For the first few years after City Year was founded in 1988, each of the charity’s locations issued an annual call for projects to local nonprofits—which could include not only schools but also centers for the elderly, libraries, conservation groups, or other organizations.
“The metaphor we had then was that we would be the yeast in the bread of other nonprofits,” says Michael Brown, a City Year co-founder. But, he says, with so many kinds of projects, it was impossible for the organization to measure its impact or craft ways to improve its work.
One of the keys in the charity’s transformation was a $450,000 grant from Cisco over several years that allowed Stephanie Wu, one of City Year’s top executives, to focus full time on leading an in-depth study of the organization’s service work. She then talked to outside experts and used what she and her colleagues learned to design a new approach.
In a way, says Mr. Brown, the grant did more than just pay for expenses. It also gave the organization “permission,” he says, to pursue innovation. “Anything that has a true, dedicated grant gets a firewall around it and says, 'That’s what we’re doing and that’s what’s important,’” he says.
City Year, Ms. Wu says, had realized for some time that the service model was the “missing link.”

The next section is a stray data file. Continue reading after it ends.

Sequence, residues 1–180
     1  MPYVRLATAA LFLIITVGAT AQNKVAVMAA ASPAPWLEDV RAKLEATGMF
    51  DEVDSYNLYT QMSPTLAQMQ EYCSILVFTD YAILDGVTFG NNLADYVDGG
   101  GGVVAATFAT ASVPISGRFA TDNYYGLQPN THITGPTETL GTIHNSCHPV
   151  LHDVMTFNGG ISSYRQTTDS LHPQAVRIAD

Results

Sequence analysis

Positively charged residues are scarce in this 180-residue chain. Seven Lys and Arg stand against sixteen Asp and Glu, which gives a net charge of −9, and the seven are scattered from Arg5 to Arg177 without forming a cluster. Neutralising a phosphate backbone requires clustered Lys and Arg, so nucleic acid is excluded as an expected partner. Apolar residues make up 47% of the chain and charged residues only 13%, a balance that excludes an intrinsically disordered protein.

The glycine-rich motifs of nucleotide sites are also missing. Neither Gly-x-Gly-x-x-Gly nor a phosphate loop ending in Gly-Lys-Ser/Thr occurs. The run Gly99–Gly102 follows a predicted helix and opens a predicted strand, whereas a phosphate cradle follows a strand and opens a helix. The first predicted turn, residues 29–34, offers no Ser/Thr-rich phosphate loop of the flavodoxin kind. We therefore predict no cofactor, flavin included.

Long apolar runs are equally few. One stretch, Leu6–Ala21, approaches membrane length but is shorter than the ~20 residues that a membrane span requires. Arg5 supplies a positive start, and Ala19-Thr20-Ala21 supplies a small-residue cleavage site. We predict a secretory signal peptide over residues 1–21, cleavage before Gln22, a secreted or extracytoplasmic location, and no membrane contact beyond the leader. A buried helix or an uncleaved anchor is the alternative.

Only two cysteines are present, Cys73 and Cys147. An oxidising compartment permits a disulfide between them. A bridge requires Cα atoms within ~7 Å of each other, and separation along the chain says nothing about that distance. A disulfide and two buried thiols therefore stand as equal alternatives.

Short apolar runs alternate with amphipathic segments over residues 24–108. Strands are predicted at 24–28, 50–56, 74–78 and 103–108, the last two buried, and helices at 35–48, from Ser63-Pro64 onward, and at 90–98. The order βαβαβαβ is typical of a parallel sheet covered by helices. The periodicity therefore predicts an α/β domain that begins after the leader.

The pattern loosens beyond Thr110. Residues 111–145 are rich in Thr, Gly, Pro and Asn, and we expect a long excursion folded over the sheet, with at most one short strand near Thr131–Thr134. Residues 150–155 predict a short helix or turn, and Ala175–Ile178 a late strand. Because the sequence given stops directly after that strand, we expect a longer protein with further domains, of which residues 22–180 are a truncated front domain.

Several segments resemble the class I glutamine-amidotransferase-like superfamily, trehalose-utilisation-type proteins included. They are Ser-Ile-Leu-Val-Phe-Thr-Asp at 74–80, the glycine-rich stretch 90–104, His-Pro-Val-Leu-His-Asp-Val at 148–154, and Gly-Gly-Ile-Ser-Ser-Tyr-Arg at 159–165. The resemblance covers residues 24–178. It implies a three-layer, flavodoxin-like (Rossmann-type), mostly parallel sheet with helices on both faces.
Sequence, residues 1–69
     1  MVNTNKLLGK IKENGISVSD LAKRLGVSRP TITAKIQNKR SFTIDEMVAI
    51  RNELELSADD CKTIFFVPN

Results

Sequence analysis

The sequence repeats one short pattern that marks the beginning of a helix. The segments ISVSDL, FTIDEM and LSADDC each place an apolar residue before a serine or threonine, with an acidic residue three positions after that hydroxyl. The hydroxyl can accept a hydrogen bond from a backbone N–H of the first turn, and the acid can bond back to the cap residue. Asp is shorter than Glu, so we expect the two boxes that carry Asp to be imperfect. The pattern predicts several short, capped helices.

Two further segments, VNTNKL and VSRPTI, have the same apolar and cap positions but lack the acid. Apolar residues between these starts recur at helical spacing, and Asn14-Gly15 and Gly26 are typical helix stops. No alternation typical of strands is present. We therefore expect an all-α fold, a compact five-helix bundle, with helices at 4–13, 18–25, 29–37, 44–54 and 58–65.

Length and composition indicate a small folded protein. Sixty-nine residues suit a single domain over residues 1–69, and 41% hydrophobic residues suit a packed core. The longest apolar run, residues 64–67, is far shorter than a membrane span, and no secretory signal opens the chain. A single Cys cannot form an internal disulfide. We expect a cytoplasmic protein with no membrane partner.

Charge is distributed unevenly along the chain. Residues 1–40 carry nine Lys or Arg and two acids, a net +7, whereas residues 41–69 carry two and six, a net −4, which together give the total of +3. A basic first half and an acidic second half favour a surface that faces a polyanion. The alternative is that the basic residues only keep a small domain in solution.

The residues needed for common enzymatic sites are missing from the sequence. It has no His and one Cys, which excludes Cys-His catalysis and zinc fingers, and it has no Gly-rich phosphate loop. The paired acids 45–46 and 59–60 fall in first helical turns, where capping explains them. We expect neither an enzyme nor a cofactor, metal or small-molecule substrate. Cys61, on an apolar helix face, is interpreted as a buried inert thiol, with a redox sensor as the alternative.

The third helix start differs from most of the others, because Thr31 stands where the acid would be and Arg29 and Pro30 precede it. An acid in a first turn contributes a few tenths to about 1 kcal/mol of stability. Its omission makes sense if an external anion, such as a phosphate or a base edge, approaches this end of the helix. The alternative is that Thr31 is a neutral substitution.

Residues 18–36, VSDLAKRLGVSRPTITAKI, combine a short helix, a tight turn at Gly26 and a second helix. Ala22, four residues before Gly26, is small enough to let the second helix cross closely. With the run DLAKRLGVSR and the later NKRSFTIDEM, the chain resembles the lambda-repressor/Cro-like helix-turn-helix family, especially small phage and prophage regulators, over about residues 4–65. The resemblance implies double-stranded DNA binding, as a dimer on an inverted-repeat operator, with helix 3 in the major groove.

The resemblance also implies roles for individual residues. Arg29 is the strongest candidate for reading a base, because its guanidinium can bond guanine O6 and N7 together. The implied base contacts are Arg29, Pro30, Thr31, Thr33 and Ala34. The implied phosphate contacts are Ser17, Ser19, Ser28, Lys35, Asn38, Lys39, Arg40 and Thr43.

“We’d been trying to work on it, but we weren’t able to make any breakthroughs,” she says. “I don’t think it could have been done if the organization hadn’t decided we’re going to devote some real resources to this.”
Making a Difference
Education seemed an obvious place for City Year to build its streamlined mission. At the time, roughly 65 percent of corps members were working in the schools, which indicated a great need in those institutions, says Jim Balfanz, the organization’s president.
A researcher at the University of Pennsylvania helped the charity identify the reasons City Year was already making a difference in the schools. Chief among them: The students see the youthful corps members as role models rather than authority figures.
The organization’s basic structure was also an advantage. The nonprofit deploys teams of eight to 12 corps members, and they work full time. “We could go into a school en masse and dramatically change the ratio of caring adults to students in a building,” says Mr. Brown.
At the same time, what City Year learned about the dropout crisis made its leaders think it was a problem small enough to fix.